October and November in these mountains often seem to me a time of melancholy and bereavement, of Demeter grieving the loss of Persephone, the good earth receding into itself. In Look Homeward, Angel, Thomas Wolfe, who grew up less than a mile from here, and who lies buried around the corner, connected October, the month in which his brother Ben died, with mortality and the tomb: “we shall not come again. We never shall come back again. It was October, but we never shall come back again.”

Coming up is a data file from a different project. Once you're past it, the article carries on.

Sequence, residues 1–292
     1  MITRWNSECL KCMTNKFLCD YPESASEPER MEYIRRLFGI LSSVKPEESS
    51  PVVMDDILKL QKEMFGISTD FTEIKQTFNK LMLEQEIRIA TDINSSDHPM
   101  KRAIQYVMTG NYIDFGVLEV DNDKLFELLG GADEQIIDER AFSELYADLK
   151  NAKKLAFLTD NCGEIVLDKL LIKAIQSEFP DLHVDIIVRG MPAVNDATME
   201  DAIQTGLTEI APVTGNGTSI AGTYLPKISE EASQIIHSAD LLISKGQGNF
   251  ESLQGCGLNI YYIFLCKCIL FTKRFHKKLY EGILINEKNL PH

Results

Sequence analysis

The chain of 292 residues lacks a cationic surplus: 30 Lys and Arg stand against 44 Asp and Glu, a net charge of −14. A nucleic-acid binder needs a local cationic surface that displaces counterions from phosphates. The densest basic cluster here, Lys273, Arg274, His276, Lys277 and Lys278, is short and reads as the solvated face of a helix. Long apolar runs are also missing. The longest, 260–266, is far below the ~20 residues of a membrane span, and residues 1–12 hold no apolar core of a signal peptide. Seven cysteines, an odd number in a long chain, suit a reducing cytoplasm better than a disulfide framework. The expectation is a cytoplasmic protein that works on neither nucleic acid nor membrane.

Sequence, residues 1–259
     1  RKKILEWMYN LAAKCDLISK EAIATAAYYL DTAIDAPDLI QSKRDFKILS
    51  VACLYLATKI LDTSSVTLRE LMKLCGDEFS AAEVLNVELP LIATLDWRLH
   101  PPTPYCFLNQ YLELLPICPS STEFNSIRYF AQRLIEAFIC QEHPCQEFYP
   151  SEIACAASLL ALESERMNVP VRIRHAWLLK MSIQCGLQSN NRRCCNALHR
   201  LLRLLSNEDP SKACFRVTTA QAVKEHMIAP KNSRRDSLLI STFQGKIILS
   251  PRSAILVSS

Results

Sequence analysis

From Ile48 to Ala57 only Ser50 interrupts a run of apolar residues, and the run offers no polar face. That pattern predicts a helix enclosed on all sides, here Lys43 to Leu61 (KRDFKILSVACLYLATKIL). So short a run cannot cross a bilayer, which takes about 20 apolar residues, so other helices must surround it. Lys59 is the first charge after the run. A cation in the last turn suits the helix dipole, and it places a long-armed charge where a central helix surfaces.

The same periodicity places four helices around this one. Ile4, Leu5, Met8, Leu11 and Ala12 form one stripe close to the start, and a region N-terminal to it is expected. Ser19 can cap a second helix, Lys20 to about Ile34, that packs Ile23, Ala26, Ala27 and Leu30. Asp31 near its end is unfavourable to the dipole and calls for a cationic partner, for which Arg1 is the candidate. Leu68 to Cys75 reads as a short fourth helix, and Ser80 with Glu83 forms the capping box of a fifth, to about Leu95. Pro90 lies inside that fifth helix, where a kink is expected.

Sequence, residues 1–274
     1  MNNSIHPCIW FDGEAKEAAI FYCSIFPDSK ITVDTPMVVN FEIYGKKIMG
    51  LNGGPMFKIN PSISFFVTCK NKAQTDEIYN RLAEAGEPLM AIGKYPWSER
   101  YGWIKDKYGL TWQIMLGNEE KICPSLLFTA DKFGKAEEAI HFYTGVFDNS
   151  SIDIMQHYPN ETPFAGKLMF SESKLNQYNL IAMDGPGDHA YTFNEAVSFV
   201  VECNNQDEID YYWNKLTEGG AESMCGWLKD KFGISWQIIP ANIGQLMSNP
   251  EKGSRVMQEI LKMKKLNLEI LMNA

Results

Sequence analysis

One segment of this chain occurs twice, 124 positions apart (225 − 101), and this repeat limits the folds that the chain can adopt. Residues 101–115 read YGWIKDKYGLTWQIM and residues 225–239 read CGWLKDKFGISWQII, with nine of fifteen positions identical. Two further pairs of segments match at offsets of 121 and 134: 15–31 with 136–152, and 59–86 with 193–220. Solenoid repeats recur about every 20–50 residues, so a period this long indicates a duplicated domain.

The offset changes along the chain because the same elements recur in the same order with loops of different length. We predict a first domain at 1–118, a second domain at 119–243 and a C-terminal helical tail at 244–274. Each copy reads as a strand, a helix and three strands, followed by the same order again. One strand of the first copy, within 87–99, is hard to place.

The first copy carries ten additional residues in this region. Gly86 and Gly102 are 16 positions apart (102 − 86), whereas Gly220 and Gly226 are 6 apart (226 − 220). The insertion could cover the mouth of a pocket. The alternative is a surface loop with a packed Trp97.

My melancholic mood today brought to mind another piece of writing, an essay from With Love and Prayers. Here F. Washington Jarvis, an Anglican priest who for many years served as headmaster of Boston’s Roxbury Latin School, recounts the story of another headmaster approached by a mother about the direction of her son’s education:
“Are you preparing Henry for a political career?” she asked Alington.
“No,” he said.
“Well, for a professional career?”
“No,” he replied.
“For a business career, then?”
“No,” he repeated.
“Well, in a word, Dr. Alington, what are you here at Eton preparing Henry for?”
“In a word, madam? Death.”
Despite our lust for violence...